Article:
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Farrell outstanding, Ireland's depth delivers and a huge effort from the pack

Joe Schmidt will pick out the flaws in his team’s display but there were many positives.

IRELAND SECURED THEIR third win from three Six Nations games with a 37-27 victory over Wales in today’s clash in Dublin.

Read our match report here.

Chris Farrell’s big day

The loss of Robbie Henshaw remains a blow for Ireland in this championship, but Munster man Chris Farrell did more than enough to fill the void today with a superb man-of-the-match performance at outside centre.

Chris Farrell with his Man of the Match award Source: Dan Sheridan/INPHO

This contest was perfectly suited to the 24-year-old’s strengths, with his carrying power obvious throughout, while his mobility and imposing frame allowed Farrell to impose himself on kick chase and with that excellent first-half catch of a Johnny Sexton restart.

There were a handful of the passes that Joe Schmidt had mentioned might be a feature of Farrell’s game and although he slipped off a couple of tackle attempts, he had strong moments defensively too.

This was just Farrell’s third cap for Ireland but he demonstrated the composure of a veteran to provide so many momentum-lifting moments for Ireland. Not bad for a fourth-choice 13.

Ireland’s forward muscle

There was some superb attacking play from Ireland further out the pitch – with the likes of Keith Earls, Rob Kearney, Johnny Sexton, Farrell, Dan Leavy and Stockdale featuring prominently – but Ireland’s forward pack deserve a huge share of the credit for this win.

Their ball-carrying power was absolutely pivotal, laying the platform or leading directly to four of their five tries. Cian Healy, Leavy and CJ Stander were prominent, while 21-year-old James Ryan stood up impressively again.

Ireland’s close-in carrying game has struggled to break down the Welsh in recent years but they backed it once again and got notable rewards.

The maul was excellent from Ireland too, having been less influential in this championship up until today, while the scrum yielded an important late penalty for Conor Murray to slot.

Forwards coach Simon Easterby and his men can take some pride in that performance.

A Six Nations stunner

The drama, the tension, the thrills. This Six Nations clash had plenty of everything – from tries to aerial battles and set-piece battles to sheer desire on both sides not to emerge with defeat.

Keith Earls and Steff Evans Source: Bryan Keane/INPHO

The see-saw nature of the second half was absorbing, Wales scoring through Steff Evans with less than five minutes remaining to throw it back in the balance even after Murray’s penalty had extended the Irish lead to 10 points.

Warren Gatland’s men were incredibly difficult for Ireland to shake off and the raucous celebrations of Jacob Stockdale’s interception try at the end were smeared with plenty of relief as well as joy.

This fixture has served up so many memorable battles in recent years and here was another one.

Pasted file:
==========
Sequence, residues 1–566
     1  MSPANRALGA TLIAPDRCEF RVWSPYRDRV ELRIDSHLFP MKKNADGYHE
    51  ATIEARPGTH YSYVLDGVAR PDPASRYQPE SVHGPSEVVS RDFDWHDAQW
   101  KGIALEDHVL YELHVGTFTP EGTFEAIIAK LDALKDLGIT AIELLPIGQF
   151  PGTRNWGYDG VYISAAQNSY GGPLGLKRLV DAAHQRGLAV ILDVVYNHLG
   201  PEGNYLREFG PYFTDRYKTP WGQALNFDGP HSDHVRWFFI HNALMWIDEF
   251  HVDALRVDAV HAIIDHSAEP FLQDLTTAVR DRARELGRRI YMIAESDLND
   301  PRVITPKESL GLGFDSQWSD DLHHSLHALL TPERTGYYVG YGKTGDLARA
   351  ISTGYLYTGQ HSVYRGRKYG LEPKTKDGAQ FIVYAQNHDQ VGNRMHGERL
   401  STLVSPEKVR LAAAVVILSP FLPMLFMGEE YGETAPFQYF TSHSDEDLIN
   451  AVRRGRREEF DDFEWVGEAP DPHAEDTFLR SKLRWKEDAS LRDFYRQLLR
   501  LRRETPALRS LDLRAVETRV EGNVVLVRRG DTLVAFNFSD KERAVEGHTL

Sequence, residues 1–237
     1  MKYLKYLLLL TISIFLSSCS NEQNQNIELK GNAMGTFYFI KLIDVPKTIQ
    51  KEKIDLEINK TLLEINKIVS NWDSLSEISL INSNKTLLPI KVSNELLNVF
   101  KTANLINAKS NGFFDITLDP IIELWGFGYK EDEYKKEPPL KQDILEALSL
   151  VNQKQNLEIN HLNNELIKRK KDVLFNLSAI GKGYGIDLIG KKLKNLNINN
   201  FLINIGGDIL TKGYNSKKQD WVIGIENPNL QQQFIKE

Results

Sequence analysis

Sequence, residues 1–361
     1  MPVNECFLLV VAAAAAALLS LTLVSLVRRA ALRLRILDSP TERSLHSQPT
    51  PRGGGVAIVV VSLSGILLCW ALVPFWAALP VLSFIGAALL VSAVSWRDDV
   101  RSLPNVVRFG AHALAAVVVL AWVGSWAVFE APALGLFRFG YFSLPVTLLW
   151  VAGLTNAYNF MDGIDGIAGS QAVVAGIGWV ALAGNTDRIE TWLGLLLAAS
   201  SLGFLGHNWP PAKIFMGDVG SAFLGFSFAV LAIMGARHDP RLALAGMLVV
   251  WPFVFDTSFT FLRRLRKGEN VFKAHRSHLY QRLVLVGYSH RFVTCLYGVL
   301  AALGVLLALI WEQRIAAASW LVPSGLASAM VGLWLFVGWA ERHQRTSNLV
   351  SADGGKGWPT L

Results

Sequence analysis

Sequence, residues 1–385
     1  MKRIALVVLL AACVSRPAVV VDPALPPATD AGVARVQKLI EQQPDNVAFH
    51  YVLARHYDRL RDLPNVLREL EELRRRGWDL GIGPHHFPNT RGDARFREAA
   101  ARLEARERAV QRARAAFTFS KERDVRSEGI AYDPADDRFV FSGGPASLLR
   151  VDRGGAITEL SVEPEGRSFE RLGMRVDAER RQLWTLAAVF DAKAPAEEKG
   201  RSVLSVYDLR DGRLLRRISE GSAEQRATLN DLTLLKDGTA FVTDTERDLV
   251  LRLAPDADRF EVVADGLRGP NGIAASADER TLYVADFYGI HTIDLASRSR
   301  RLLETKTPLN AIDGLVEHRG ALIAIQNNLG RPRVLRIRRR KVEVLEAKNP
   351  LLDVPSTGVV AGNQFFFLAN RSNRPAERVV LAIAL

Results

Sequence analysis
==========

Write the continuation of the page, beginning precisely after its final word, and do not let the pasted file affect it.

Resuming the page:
The depth delivers

The major focus for Joe Schmidt and Ireland since the 2015 World Cup exit at the hands of Argentina – when they were missing five key players and suffered – has been to build the depth of this squad.

New faces have emerged and thrived in the last year or so, with the likes of James Ryan, Jacob Stockdale and Andrew Porter emerging particularly impressively.

And yet, it felt like Ireland’s new-found depth still had some uncertainty around it in the build-up to this game. Under the more severe pressure of a must-win Six Nations contest against a team as good as Wales, could the less experienced men deliver?

The answer was a resounding yes, with Ryan and Porter superb up front, while Stockdale scored two tries, albeit while having a shaky moment or two in defence. Leavy at openside was superb, impressive at the breakdown and aggressive in the other collisions.

Farrell’s performance further underlined the depth, while Sean Cronin, Jack McGrath and John Ryan’s scrum penalty off the bench was a big moment after the first-choice Ireland front row had spent all of their energy.

The losses of Henshaw, Tadhg Furlong and Iain Henderson were well covered as Ireland’s depth delivered.

Work-ons, always

The Grand Slam dream is very much alive and Ireland will work towards the clash with Scotland in Dublin in two weekends’ time with huge enthusiasm and belief after another victory under stress.

Joe Schmidt talks to his players before the game Schmidt's men focus on Scotland next. Source: Bryan Keane/INPHO

As ever, Schmidt will pick out many aspects of this performance that were disappointing, while Andy Farrell will be poring over footage of Ireland conceding three tries.

All of that said, Ireland were excellent in so many aspects of this game and Wales deserve to be mentioned for their part in the contest. Sometimes, conceded tries are as much down to the excellence of the opposition attack as defensive errors.

The defensive slips will be a slight worry for Ireland but they are improving as this championship develops and Schmidt’s ceaseless drive for more should ensure that if they can overcome the Scots in round four, they will head to Twickenham in good shape for a possible Grand Slam decider.

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Murray Kinsella

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